Noted activist and journalist Harris has woven the many complexities of the indictment and pursuit of Panama's General Manuel Antonio Noriega into a fascinating and highly readable book. Owing to the sheer volume of material covered, the book can be confusing; shifting venues make the time line hard to follow. The author is most effective when describing the many players, including DEA agents, U.S. attorneys, military personnel, politicians, and drug runners. Harris pulls no punches, and his portrayals of real people are sometimes painfully accurate. At times he takes this too far, for instance, when belittling the late CIA Director Bill Casey's mumble. Note also that this book covers the investigation and capture of Noriega but does not cover the subsequent trial. Recommended for academic libraries and libraries with strong Latin America, political science, and modern history collections. Karen Sandlin Silverman, Library Svcs., Ctr. for Applied Research, Philadelphia Copyright 2001 Cahners Business Information.
Kirkus Reviews
A rollicking but slippery rendition of the prosecution of the pockmarked potentate of Panama. Harris (The Last Stand, 1996), who began his career as an antiwar activist, now produces investigative journalism of the big screen, good-guys-vs.-bad-guys variety. Here the bad guys are Manuel Noriega, the Medellín cocaine cartel, and especially the members of the Reagan and Bush administrations who came into contact with them. The good guys are a couple of underdog DEA agents and federal prosecutors in Miami who busted through the old boys' network to investigate and indict Noriega—an indictment that, ironically, led to an invasion of Panama championed by many of the general's former protectors. The story is told colorfully, with lots of tough-guy cop-talk, scummy informers, and brief cutaways to beleaguered wives. It's unquestionably readable, even if the outcome is too well-known to generate much suspense. There are even a few moments (such as the anecdote an informer relates to DEA agent Steve Grilli about Noriega's escapades in an airplane cockpit) that rise to the level of classic tragicomedy. But Harris's storytelling inspires no more trust than Hollywood's. He provides no notes or attributions, even for direct quotes. He misrepresents legal issues integral to the case, for example confusing jurisdiction and venue. He coyly avoids names, even of obvious public figures, perhaps for legal reasons. And his tone is so stridently anti–Cold War and anti-Reagan that it's hard to give his sloppy techniques the benefit of the doubt. It's too bad Harris didn't take the trouble to document his sources, because if everything he says can be supported, he's written an accessible,eye-opening account of one of the murkiest episodes in recent history. But it's hard to take him seriously on his own merits.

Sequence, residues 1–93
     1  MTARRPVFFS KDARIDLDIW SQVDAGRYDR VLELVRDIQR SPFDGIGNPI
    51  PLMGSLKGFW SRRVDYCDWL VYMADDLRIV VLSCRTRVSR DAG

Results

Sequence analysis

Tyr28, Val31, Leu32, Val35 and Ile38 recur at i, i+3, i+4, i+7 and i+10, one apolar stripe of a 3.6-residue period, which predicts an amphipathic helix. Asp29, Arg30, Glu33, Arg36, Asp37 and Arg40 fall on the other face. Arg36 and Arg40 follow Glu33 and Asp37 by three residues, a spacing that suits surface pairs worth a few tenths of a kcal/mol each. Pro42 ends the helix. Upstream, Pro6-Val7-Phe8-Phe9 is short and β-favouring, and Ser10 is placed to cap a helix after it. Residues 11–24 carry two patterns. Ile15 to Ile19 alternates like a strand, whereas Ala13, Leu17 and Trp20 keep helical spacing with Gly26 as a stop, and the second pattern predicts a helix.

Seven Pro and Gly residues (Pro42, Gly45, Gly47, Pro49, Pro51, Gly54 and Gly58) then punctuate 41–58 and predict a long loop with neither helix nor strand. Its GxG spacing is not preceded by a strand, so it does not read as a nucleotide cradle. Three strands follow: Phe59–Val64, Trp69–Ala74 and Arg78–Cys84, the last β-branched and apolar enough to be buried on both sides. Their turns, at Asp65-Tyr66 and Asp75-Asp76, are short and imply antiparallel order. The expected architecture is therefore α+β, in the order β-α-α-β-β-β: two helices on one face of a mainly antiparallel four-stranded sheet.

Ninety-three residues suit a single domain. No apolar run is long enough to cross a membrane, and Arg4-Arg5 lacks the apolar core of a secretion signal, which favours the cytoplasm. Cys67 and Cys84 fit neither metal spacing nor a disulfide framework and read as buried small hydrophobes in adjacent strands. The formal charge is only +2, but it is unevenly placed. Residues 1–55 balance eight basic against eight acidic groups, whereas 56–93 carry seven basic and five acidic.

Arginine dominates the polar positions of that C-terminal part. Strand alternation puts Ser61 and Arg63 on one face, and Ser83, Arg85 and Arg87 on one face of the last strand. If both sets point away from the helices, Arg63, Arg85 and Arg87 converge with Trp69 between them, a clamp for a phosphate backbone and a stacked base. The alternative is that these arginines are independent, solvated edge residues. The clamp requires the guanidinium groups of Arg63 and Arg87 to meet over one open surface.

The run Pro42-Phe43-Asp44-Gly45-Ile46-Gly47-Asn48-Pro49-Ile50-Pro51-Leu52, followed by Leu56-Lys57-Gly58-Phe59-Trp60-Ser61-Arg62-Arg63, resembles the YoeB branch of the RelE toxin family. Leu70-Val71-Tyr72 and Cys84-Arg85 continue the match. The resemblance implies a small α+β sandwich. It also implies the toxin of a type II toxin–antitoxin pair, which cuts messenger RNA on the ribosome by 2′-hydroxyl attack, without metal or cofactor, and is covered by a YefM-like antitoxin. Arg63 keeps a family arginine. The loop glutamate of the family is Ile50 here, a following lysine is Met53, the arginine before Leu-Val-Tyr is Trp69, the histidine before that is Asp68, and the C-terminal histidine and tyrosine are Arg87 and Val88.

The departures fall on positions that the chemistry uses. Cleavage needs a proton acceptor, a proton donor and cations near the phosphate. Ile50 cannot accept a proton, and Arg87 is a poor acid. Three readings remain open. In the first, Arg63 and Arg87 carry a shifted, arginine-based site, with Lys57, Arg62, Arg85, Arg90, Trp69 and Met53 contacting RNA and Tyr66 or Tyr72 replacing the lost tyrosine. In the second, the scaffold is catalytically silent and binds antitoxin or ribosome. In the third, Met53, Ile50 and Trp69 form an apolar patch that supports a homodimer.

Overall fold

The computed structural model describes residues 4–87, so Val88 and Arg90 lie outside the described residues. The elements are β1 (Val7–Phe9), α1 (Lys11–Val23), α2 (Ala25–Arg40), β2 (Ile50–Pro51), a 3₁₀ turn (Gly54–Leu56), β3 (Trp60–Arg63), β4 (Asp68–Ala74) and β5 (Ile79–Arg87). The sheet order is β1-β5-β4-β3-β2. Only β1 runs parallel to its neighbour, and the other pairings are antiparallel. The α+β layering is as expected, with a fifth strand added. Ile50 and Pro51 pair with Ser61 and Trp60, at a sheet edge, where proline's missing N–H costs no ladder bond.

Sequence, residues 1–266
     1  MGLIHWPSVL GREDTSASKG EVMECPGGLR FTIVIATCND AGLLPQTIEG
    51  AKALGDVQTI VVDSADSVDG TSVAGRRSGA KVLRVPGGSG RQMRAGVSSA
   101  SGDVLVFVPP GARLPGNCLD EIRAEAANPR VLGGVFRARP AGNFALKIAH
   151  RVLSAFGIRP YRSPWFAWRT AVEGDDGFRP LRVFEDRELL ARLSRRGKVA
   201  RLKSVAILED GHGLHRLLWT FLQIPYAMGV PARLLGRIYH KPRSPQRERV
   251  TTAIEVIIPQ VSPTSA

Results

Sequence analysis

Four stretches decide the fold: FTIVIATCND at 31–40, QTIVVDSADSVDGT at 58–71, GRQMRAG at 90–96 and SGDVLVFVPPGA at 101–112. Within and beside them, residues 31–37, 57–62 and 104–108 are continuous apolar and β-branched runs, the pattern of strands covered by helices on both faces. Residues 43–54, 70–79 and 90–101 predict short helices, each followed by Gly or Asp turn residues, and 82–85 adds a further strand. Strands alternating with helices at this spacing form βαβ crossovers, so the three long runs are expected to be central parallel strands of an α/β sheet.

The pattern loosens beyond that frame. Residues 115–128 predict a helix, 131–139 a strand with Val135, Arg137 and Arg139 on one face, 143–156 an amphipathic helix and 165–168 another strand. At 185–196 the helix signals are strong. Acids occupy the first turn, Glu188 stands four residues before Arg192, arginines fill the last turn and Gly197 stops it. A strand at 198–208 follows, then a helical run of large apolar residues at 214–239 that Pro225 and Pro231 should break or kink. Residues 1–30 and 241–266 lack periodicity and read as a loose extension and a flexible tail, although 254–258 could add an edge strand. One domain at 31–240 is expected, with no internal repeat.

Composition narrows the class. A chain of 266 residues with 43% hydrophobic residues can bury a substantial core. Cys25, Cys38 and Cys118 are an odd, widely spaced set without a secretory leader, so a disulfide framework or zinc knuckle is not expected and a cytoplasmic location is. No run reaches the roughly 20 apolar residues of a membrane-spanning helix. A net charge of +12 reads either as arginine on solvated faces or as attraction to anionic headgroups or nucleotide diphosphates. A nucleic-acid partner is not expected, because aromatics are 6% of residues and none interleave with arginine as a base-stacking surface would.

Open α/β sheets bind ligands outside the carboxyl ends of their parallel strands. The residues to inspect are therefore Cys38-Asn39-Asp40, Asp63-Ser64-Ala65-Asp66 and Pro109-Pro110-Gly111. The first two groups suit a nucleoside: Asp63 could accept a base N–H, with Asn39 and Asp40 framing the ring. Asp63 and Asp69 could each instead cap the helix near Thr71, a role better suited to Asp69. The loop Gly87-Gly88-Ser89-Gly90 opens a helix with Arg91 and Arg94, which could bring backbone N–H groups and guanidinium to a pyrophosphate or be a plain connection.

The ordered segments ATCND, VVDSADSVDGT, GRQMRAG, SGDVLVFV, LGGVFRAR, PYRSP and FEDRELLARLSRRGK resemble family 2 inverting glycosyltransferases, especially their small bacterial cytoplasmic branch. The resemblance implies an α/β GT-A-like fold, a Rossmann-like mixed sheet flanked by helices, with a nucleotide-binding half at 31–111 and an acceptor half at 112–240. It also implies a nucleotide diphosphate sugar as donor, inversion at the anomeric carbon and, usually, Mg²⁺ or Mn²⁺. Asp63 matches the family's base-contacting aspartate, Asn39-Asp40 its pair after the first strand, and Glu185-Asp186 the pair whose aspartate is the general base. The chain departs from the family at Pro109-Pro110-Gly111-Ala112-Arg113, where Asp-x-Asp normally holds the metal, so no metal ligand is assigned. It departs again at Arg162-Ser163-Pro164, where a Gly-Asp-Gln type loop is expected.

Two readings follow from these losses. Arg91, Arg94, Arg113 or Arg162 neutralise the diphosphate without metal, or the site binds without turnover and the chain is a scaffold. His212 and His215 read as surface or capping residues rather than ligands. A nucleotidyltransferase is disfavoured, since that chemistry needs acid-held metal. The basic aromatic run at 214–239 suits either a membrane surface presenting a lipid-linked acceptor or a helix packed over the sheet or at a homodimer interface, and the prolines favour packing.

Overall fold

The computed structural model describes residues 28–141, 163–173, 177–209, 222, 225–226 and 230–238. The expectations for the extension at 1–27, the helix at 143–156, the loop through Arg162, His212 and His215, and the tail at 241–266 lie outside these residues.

Product Details

ISBN-13:
9780316154802
Publisher:
Little, Brown and Company
Publication date:
06/05/2002
Edition description:
Reprint
Pages:
400
Sales rank:
1,346,364
Product dimensions:
5.50(w) x 8.50(h) x 0.90(d)